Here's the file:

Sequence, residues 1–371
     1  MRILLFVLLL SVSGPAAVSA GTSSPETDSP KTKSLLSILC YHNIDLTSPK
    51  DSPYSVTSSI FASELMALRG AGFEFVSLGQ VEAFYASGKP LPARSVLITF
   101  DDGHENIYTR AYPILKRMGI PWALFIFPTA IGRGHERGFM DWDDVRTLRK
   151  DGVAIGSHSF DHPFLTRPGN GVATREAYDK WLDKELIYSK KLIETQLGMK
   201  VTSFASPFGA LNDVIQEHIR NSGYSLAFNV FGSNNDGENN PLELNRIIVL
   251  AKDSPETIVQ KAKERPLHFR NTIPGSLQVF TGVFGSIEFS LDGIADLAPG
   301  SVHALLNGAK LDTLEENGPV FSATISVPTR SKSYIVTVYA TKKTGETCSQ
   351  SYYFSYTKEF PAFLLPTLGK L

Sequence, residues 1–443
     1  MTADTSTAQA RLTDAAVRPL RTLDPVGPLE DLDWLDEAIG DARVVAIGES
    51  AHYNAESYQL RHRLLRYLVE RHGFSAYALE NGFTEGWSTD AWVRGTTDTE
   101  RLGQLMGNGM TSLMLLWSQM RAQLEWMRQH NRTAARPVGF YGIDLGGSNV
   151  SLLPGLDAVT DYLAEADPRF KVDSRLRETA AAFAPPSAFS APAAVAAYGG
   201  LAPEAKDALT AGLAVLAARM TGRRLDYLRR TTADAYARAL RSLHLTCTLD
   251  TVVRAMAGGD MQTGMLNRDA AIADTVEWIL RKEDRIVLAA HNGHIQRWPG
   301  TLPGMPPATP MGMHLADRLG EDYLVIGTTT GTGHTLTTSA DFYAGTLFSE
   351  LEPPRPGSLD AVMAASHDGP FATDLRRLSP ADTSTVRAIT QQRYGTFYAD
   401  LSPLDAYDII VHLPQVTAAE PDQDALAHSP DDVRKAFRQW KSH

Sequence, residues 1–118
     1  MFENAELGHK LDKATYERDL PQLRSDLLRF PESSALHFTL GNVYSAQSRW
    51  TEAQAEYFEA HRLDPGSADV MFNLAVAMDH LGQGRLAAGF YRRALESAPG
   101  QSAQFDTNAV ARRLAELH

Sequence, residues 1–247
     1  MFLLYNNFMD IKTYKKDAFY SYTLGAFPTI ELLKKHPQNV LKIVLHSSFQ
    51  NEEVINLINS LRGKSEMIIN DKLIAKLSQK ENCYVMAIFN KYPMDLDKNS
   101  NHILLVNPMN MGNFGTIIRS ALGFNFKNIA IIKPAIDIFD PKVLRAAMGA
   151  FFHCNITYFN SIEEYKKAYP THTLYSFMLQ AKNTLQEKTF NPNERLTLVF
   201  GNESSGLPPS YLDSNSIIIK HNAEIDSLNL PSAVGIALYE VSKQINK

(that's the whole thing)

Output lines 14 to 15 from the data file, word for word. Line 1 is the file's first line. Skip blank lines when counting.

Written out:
   151  SLLPGLDAVT DYLAEADPRF KVDSRLRETA AAFAPPSAFS APAAVAAYGG
   201  LAPEAKDALT AGLAVLAARM TGRRLDYLRR TTADAYARAL RSLHLTCTLD